No matter what season, it’s not fun to get sick. Unexpected sunburns, stomach upsets, or the sniffles can make outdoor adventures and summer vacations even more disappointing. Dr. Laura Jana, a pediatrician, says that parents tend to think of illness in winter. “Unfortunately, kids can get sick all year,” Dr. Laura Jana says.
An expert can write my essay about simple preventive strategies can be used to help your child avoid health problems that could affect their learning and enjoyment, not only during the colder months, but also in warmer months. Jana shared more information about seasonal hazards and ways to avoid them.
Regular hand washing is a good idea
While hand hygiene is taught in schools, it might be less important in summer, when children are playing outside or at home. Jana states that it is important to practice hand washing all year to prevent illness-causing germs. Pesky colds don’t just happen in winter. Summertime symptoms can include a runny nose and cough, muscle aches, nausea, vomiting, diarrhea, and stomach upset.
Keep your skin safe from the sun
Jana states that even a routine sunburn can cause severe skin irritation and reddening. Sun safety is essential. Children are more likely to experience additional symptoms such as pain, irritability and blistering from the burnt area.
Parents should contact their child’s pediatricians if a severe burn causes more serious symptoms, such as open blisters. Infected areas can be found in open wounds, blistered or exposed skin.
Good hygiene is essential for travel
Vacations are fun, there’s no doubt about that. It is also a very crowded, enclosed space where travelers often leave germs behind. The germs that have been on your skin for a while aren’t likely to cause you illness if they touch other surfaces. It’s not always easy to prevent children from touching their noses, eyes, or mouths. To clean table tops, armrests, and buckles of seat belts, you should also consider packing hand sanitizers and disinfectant wipes.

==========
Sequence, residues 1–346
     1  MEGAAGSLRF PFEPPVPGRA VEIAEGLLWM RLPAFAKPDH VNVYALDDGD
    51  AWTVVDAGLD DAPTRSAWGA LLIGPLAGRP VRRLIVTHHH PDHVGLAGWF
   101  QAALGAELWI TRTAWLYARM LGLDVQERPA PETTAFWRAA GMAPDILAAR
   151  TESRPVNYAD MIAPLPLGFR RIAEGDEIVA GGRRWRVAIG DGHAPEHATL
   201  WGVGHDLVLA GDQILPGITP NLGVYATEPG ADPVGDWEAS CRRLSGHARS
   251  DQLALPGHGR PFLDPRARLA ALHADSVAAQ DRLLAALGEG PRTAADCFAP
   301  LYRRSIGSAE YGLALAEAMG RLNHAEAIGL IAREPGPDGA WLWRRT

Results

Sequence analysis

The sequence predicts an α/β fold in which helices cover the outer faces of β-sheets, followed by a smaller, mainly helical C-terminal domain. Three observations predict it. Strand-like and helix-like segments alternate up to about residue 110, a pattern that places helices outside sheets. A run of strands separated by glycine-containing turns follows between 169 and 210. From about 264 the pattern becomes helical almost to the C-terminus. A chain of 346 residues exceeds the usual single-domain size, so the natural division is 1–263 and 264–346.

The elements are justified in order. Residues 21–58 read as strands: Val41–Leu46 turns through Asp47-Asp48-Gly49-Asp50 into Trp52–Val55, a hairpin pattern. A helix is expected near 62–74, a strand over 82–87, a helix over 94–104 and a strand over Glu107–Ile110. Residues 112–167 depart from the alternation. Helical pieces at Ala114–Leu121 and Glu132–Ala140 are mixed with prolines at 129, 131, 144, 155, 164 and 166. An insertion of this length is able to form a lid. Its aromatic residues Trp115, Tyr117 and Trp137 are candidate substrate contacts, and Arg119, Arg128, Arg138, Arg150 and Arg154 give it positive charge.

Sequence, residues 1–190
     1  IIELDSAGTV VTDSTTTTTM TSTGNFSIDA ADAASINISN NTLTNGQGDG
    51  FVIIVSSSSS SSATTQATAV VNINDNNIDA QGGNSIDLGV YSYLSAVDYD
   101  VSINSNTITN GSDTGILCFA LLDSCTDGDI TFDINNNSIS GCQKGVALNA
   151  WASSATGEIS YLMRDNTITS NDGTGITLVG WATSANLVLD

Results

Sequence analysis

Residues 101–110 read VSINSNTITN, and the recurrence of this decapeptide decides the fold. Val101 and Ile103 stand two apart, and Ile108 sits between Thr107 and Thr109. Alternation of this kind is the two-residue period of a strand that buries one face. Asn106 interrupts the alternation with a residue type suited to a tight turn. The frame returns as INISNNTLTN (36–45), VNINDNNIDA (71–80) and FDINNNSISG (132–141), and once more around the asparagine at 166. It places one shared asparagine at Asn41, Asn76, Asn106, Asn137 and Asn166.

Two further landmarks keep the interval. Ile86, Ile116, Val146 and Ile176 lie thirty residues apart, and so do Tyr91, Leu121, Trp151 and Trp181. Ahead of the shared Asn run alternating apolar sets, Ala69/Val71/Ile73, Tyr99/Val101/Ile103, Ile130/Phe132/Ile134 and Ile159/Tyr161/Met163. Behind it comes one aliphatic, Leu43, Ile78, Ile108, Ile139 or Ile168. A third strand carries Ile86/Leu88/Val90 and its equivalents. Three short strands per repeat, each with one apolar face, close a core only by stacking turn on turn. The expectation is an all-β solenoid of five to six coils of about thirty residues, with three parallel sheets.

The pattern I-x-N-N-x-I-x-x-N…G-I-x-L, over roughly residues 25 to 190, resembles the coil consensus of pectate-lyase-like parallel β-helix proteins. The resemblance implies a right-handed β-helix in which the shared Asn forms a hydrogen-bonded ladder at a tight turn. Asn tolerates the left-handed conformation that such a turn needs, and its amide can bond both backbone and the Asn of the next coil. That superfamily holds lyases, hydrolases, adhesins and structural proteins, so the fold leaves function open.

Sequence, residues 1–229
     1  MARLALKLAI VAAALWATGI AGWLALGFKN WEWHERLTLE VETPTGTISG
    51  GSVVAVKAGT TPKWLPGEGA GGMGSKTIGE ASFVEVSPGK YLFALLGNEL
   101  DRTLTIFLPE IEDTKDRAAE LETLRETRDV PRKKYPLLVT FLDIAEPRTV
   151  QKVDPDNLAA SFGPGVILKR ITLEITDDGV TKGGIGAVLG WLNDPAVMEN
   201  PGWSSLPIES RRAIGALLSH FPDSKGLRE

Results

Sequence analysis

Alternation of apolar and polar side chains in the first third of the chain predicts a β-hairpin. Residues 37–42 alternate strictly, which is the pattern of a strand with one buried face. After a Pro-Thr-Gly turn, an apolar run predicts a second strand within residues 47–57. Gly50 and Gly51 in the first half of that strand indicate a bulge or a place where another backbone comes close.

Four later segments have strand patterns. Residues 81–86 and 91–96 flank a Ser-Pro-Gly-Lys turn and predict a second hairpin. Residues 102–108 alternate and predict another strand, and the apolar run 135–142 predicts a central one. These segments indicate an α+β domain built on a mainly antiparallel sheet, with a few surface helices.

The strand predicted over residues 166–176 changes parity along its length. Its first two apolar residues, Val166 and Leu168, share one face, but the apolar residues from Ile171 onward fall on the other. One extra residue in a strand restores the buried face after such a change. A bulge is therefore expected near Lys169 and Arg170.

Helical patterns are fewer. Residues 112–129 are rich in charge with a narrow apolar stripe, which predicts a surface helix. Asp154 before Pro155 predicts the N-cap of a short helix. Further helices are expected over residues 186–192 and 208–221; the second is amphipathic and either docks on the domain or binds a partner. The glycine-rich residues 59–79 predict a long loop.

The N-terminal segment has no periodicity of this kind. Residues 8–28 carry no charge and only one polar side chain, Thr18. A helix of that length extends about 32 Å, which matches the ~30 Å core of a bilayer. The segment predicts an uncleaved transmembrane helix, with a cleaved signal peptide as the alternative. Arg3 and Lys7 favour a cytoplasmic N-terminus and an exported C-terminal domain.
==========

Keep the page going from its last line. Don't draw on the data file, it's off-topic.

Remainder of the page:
Be careful when you picnic
Food poisoning can be caused by poorly prepared dishes. Jana states that bacteria can quickly grow on potato salad, rice, or lunchmeat left outside during the summer heat. You should keep the items chilled (in a fridge or cooler) until you are ready to serve them. After that, immediately chill any leftovers. Also, wash all produce thoroughly and rinse it well. It is best to avoid having guests share cups or utensils.
Keep a regular sleeping schedule
Even if your child doesn’t have to get up early in the morning, it can be beneficial to maintain a consistent nighttime routine. Why? Jana states that sleep is important for many reasons. These include a replenished energy level and an improved ability to fight infections. Some children may be more comfortable with a change of routine or late summer evenings than others. However, older children can still suffer from an accumulating sleep problem.
Stay hydrated and eat well
These practices are often overlooked in summer, when busy schedules or lack of time can lead to poor food choices. Jana says that planning ahead to bring healthy snacks can help your family maintain healthy habits. She notes that once chilled orange slices were preferred over gummy packs and popsicles. Whatever the schedule, remember that active children need to be hydrated during hot weather. This is why it’s important to serve hydrating foods.
Fun summers are healthy ones. Everyone will feel their best if they have good habits and incorporate preventive hygiene into their family’s seasonal plans.